No doubt, he has to avoid his penchant for floating the ball up for grabs if the Wolverines have any hope of being a legit BCS title contender. But even if he has a season similar to one he had in 2010, both as a runner and as a passer (which considering how much they rely on Fitz Toussaint now is probably unrealistic), the defense still has to make another leap forward, which is asking a lot.
The impact Greg Mattison had in Ann Arbor last season was as dramatic as any coordinator made on a unit in 2011. That, more than anything, turned Michigan from a 7-win team to an 11-win team. The Wolverines went from 108th in scoring defense to No. 6, which is remarkable.
But, the reality is Michigan still wasn’t at the level of those truly elite defenses we saw from Alabama or LSU. The Wolverines were pretty good against the run (No. 39) but certainly not outstanding. They didn’t have a knack for producing those drive-killing negative plays (they ranked No. 68 in TFLs). They allowed over 500 yards to a Notre Dame team with major QB issues. Michigan State ran for over 200 yards on them and beat UM by two TDs despite committing 13 penalties. They surrendered 34 points and almost 400 yards of offense to a really struggling Ohio State O that ended up 107th in the country in total offense.
The good news is that five of the team’s top six tacklers return. The bad news: strongman Mike Martin, the anchor of the defense the past few years, is now in the NFL.
I expect Michigan to be good again this year, but just not good enough on defense to be a Top 5 team. At this point, they don’t have enough difference-makers to be a BCS title contender, especially along their defensive front. Maybe they’ll surprise a lot of us though. We’ll find out right away if they’re legit. Alabama has the most physical style in college football on both sides of the ball. The Tide has the country's best offensive line returning. I am very curious to see what kind of answers Mattison can come up with.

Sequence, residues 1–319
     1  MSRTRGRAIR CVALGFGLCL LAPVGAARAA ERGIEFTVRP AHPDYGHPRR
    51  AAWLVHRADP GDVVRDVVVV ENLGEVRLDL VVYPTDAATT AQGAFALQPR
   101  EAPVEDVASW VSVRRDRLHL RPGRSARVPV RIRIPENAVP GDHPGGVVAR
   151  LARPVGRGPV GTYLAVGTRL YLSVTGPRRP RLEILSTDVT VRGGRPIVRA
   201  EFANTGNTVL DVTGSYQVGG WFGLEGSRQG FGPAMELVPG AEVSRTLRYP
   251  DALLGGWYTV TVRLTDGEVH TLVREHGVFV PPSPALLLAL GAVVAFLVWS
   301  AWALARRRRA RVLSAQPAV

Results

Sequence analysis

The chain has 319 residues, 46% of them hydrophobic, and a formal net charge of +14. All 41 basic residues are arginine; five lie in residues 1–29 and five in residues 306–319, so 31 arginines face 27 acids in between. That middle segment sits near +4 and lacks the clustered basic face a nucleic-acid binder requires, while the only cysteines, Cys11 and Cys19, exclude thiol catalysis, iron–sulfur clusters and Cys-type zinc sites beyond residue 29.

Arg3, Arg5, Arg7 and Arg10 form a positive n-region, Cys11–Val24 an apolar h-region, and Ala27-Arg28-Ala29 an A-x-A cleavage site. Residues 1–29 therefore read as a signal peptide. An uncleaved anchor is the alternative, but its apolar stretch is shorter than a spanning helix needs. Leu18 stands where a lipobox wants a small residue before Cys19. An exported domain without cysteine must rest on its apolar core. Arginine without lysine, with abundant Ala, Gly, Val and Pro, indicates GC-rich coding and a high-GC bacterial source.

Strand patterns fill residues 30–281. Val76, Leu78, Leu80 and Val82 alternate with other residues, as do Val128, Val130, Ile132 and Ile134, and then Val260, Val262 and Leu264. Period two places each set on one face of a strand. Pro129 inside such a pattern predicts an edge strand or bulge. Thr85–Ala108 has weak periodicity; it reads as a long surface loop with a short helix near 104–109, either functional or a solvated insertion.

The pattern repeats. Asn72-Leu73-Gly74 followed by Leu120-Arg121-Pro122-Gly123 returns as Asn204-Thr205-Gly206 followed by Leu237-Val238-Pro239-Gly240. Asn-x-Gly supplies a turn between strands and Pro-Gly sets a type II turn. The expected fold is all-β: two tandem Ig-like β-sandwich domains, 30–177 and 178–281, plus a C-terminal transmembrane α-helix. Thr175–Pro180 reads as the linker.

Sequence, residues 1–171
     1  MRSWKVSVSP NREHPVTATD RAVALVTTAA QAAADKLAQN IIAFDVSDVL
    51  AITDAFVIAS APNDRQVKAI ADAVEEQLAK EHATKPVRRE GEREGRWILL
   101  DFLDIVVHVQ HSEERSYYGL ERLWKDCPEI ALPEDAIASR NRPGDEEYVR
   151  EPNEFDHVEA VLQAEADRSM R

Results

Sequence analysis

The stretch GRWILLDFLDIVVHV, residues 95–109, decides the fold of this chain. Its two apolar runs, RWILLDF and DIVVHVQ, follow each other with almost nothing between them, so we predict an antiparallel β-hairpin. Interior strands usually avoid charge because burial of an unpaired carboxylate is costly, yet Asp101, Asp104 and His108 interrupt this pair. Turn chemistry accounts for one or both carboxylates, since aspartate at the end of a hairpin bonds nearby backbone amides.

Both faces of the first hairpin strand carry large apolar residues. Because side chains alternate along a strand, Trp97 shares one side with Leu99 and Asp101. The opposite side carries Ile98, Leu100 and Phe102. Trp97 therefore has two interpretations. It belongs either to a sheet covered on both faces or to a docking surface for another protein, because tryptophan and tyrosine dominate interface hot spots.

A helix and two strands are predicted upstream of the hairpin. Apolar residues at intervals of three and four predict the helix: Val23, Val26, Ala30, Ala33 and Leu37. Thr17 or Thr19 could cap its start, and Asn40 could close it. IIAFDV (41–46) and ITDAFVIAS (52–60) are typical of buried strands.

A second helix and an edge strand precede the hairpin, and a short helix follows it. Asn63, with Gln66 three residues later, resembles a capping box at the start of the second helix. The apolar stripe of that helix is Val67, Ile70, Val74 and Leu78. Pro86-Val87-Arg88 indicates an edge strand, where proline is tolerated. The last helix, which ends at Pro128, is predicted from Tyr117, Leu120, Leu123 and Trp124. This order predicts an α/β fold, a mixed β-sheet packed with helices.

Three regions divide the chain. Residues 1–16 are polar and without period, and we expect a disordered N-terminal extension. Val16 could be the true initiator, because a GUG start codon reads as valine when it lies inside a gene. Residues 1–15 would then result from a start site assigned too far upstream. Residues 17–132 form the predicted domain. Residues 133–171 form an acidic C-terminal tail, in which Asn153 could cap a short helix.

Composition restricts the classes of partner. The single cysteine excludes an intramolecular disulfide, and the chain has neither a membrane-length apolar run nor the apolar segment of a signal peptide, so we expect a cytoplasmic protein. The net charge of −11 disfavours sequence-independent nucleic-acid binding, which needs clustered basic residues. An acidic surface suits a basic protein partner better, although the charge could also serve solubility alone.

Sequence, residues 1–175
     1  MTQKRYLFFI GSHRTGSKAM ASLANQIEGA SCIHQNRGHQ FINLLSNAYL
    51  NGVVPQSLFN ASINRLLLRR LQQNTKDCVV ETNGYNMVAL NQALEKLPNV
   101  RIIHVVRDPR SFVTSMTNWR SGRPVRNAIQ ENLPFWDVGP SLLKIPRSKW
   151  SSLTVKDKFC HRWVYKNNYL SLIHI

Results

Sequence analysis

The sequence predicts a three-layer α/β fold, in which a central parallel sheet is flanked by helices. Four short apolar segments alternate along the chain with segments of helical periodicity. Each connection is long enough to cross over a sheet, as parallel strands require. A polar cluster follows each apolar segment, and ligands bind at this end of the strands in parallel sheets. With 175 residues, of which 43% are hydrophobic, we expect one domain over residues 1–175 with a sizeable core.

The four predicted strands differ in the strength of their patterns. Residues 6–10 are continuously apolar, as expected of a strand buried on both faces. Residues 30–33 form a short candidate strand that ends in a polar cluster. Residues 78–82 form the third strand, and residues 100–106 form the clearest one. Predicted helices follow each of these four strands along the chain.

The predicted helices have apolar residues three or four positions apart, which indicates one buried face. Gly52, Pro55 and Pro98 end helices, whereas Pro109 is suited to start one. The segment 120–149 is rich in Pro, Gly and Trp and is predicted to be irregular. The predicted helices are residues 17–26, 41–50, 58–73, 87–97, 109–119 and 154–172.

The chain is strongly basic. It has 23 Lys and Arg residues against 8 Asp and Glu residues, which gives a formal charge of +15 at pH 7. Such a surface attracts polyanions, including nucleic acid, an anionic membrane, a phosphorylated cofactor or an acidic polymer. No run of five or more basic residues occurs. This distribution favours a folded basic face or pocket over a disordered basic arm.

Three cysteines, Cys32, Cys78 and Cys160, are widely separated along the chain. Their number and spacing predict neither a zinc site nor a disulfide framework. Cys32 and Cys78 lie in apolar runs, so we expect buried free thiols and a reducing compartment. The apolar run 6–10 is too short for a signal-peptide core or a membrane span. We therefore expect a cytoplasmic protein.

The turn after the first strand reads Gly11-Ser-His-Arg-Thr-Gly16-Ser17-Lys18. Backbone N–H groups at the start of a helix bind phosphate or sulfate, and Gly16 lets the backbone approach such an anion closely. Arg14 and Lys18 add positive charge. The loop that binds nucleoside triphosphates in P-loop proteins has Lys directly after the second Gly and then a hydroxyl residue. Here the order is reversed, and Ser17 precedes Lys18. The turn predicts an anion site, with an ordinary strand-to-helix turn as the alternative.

From Wade Terry (via e-mail thru brucefeldman.com): Despite the success and positive vibes from last season, what’s the explanation for the falling expectations put on K-State?
I think there are two big reasons for that: One, for as much respect as people have for coach Bill Snyder, I feel like there is a strong feeling that the ball bounced the Cats way a lot more than normal in 2011. Remember, the Cats (10-3) were a staggering 7-1 in games decided by seven points or less.
Some years, teams, whether it’s chemistry-related or just luck, seem to win every tight game. The following year, things don’t seem to go quite like that. Of course, Snyder deserves—and received—much of that credit last season, but to expect that they’ll be as successful in such tight games I think is a reach. Of course, I could be wrong. The Cats proved me wrong for three months last year.
Second, their Big 12 schedule does not set up well for them. They have to visit Oklahoma, TCU and West Virginia, who are each in my preseason Top 10. I'll be surprised if they win more than one of those three.
I have K-State towards the bottom of my Top 25. My expectation is 8-4 and that’s on the strength of Snyder and Collin Klein, who is one of the game’s most productive QBs. A few months ago, I spoke with Jamie Blatnick, the former Oklahoma State standout. I’d asked Blatnick, who had faced Andrew Luck, Robert Griffin III and Sam Bradford, who was the toughest QB he ever had to prepare for. His answer surprised me: “Collin Klein because he can really run and is tough as nails.”
That said, the O-line has had to be overhauled and they do have to replace three of their top four tacklers from 2011.
From @dgm591: What is Vanderbilt's ceiling as a program in next 5 years based on what they are doing now + your visit last week?
I’m not quite sure. If you’d asked me this three years ago, I’d have said they probably can hope to be a fringe Top 25 team and occasionally sneak into the Top 20, but maybe that’s not their ceiling.
When I visited Vandy last weekend, I was startled at how much more impressive the facilities are now than a few years ago on my last trip. The Commodores new lockerroom rivals any I’ve seen around the country. The offices look like that of a top program. They’re doing all of the window dressing to spruce up the facilities to make it look big-time too. They have a new indoor facility set for 2013. The stadium isn’t huge, but Autzen, where Oregon plays only seats 54,000 and TCU’s revamped home holds just 45,000 and both of those programs can compete for national championships. On top of that, Vandy is set in one of the best cities in the country, Nashville, which is a big selling point as is one of the most prestigious degrees in all of major college football.